A non-profit organization
for those affected by
What is Pallister-Killian
Pallister-Killian Syndrome or PKS is a rare
disorder which occurs for no known reason. It
involves a double duplication of the short arm of
chromosome 12. It is also a mosaicism. This
means that only a certain number of cells are
affected by the extra parts of the chromosome.
Some cells are normal.
This is an actual FISH from an amnio. Note the 2
short arms of chromosome stuck together.
This is an example of a karotype (chromosome make-up) of
a person with Pallister-Killian Syndrome
47, XY, +i (12) (p10)  / 46 , XY 
47 means # of chromosomes tested, male (X,Y)
+i (12) means plus an Isochromosome of chromosome 12
(an extra chromosome made up of two copies of one arm of
a chromosome but lacking copies of the other arm)
(p10) means p-the short arm of chromosome, 10 means
the band at which is stopped
 means that two cells had this make up
46 means # of chromosomes
 means that 18 cells had this make up
Other names for PKS
Pallister Mosaic Syndrome
Teschler-Nicola/ Killian Syndrome
Who is affected by PKS?
PKS knows no boundaries. People
around the world of all different
ethnic backgrounds can have children
It is a genetic condition which
happens during conception. It is not
hereditary or environmental.
How common is PKS?
PKS is currently known to affect less than
200-300 children in the world. Some
doctors believe the rate of incidence should
be as high as 2,000 cases in the U.S. alone.
So, why aren’t there more cases…?
Testing and Diagnosing
We believe there are cases out there that need
more testing to ensure an accurate diagnosis!
Testing is done via skin biopsy, blood work or a
buccal smear (cells removed from the inside of one’s
cheek). If nothing shows in the blood, often doctors
will leave it at that.
However, often, affected cells leave the bloodstream
after just a few days leaving no trace of anything
wrong. If the child appears to have a disorder,
always follow up with a skin biopsy or a less-invasive
Right now, many doctors don’t know much about
PKS. The information in medical documents and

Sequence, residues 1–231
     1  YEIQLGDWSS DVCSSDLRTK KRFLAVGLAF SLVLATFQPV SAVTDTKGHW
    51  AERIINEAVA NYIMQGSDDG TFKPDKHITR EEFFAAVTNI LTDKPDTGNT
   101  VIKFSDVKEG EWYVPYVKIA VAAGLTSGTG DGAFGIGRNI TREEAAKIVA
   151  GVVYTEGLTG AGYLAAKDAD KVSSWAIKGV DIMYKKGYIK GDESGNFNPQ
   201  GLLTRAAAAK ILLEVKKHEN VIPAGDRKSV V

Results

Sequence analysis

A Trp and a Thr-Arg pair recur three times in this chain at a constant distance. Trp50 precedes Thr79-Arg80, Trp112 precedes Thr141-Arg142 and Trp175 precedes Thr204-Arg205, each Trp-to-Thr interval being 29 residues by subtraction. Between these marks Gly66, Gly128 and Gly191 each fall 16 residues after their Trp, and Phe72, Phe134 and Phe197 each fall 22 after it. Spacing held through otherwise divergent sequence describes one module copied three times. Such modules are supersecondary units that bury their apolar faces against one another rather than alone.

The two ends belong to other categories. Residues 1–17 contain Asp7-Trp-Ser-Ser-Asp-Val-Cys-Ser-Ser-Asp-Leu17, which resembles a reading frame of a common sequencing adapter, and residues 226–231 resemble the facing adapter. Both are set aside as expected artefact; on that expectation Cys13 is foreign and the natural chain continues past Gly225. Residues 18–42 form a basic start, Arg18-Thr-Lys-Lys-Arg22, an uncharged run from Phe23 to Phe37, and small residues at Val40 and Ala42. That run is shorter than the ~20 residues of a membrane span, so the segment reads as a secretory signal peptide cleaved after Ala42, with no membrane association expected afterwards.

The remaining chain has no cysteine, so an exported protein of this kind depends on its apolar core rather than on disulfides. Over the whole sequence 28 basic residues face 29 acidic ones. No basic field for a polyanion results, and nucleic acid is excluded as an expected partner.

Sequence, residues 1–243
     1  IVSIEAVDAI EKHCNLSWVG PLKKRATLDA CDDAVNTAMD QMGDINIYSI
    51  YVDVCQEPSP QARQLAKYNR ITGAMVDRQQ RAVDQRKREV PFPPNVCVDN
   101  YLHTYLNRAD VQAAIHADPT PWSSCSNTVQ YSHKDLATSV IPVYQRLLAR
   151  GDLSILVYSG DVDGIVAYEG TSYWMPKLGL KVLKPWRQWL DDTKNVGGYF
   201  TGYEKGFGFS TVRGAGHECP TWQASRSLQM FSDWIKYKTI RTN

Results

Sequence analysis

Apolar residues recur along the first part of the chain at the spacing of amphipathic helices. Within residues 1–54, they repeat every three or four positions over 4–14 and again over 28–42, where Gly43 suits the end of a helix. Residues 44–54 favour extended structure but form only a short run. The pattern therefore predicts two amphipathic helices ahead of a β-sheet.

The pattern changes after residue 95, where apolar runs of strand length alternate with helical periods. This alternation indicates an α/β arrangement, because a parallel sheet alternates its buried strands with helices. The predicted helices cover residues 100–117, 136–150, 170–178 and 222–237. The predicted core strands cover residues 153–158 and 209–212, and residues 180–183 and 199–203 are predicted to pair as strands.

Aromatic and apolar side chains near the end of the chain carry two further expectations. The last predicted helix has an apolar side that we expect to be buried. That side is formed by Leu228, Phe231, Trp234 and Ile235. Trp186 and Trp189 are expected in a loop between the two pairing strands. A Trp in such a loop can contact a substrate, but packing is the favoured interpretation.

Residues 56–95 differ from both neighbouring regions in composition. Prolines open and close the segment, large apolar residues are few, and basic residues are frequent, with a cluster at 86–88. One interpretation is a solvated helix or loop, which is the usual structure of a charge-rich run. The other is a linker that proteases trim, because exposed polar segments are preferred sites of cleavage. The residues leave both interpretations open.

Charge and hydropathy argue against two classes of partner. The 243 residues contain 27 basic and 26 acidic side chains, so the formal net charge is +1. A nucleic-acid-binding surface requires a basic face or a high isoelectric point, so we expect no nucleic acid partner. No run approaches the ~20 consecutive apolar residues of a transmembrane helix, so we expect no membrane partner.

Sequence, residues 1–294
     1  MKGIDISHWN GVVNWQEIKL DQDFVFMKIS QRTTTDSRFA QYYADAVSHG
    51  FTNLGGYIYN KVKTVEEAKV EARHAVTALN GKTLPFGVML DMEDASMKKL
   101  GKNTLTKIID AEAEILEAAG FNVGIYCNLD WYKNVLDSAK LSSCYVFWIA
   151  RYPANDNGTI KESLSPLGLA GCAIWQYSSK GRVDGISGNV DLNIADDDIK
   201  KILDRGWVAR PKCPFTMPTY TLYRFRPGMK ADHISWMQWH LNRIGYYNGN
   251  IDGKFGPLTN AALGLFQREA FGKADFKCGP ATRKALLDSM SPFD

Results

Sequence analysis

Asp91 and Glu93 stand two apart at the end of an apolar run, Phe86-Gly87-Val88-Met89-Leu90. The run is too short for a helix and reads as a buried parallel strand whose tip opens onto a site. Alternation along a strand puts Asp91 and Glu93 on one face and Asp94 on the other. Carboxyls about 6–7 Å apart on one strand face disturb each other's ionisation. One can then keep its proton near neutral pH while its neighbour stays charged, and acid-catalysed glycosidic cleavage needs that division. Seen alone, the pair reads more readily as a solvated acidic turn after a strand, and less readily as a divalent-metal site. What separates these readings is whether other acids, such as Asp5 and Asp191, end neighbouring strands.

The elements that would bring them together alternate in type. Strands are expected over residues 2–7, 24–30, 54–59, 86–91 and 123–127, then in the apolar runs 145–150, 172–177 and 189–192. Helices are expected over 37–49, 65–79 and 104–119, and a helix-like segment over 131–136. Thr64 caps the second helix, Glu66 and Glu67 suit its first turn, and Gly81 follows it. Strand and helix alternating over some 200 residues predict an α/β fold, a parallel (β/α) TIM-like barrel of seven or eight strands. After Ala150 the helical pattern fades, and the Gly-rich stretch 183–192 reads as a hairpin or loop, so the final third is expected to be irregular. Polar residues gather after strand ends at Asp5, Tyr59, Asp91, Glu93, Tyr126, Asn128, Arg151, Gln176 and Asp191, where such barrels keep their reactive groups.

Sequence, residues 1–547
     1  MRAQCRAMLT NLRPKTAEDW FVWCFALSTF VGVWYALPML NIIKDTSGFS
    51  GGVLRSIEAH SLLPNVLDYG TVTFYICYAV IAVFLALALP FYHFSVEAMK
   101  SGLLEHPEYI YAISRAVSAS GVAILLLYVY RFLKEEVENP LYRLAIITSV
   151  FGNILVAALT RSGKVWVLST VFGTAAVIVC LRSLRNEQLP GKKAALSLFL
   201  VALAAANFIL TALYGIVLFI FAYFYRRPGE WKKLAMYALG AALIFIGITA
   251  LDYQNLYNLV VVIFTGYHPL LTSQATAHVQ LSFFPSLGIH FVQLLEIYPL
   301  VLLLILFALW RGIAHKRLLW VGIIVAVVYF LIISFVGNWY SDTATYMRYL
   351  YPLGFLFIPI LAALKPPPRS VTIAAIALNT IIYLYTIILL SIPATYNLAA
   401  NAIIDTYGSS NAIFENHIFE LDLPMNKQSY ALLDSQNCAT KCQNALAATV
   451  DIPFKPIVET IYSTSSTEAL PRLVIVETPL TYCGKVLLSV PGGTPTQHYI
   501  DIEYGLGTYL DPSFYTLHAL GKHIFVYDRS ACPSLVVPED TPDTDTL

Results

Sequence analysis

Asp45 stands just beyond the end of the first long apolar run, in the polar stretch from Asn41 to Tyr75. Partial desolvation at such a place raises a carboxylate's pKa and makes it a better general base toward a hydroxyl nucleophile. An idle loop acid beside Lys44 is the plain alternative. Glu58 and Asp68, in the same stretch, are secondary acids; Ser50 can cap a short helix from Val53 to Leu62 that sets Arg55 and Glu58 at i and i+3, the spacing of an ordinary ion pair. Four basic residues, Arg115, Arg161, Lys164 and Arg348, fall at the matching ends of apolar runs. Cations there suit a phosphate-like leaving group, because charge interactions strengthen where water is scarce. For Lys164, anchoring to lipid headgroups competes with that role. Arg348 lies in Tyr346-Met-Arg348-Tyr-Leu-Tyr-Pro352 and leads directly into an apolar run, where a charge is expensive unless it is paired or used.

the internet is very outdated. Doctors tell
families what they know but that information may
no longer be accurate.
PKS Kids is trying to change that through
educational materials and opportunities.
One thing is certain; all these children are
Many parents have heard it: PKS children
will never walk or talk. We can tell you
differently! Over half of the children in a
PKS support group walk. Slightly less are
verbal, but still others communicate
through sign language.
Will they see their 10th birthday? Yes, we
know of children who are 14, 18 and even
in their 20’s. One young man is 31 years
Symptoms in these children are just as
Most suffer from hearing and vision
Most have cognitive delays
Nearly all have low muscle tone.
Some have problems with their heart
or other organs.
Some have weak lungs and are
susceptible to colds and pneumonia.
Many children suffer from seizures
Some children are tube-fed
Some children are never able to sit
up, walk or talk
Most PKS children look very much
Most PKS children see the following at
PKS children typically receive the
Unique pattern of hair growth. Sparse at temples and
back of head. Usually fills in by age 5
Prominent high forehead
Low set ears
Wide, flat nasal bridge
High arched palate
Protruding lower lip
Streaks of hyper- and hypo- pigmentation
Faces of PKS
Faces of PKS
Faces of PKS
By now, we’re sure you’ve realized the need to
educate the public and the medical
professionals about PKS. The need to provide
updated information and provide hope to
families of PKS patients.
PKS Kids was started in 2006 by parents of
children with PKS. They are striving to provide
education and awareness so these children are
diagnosed as soon as they are born.
Early diagnosis means early treatment and
How can you help?
Our organization is non-profit and relies
strictly on donations and grants to provide
resources to educators and families. If you
are able to make a donation or hold a
fundraiser, please visit our website
www.pkskids.net for more information.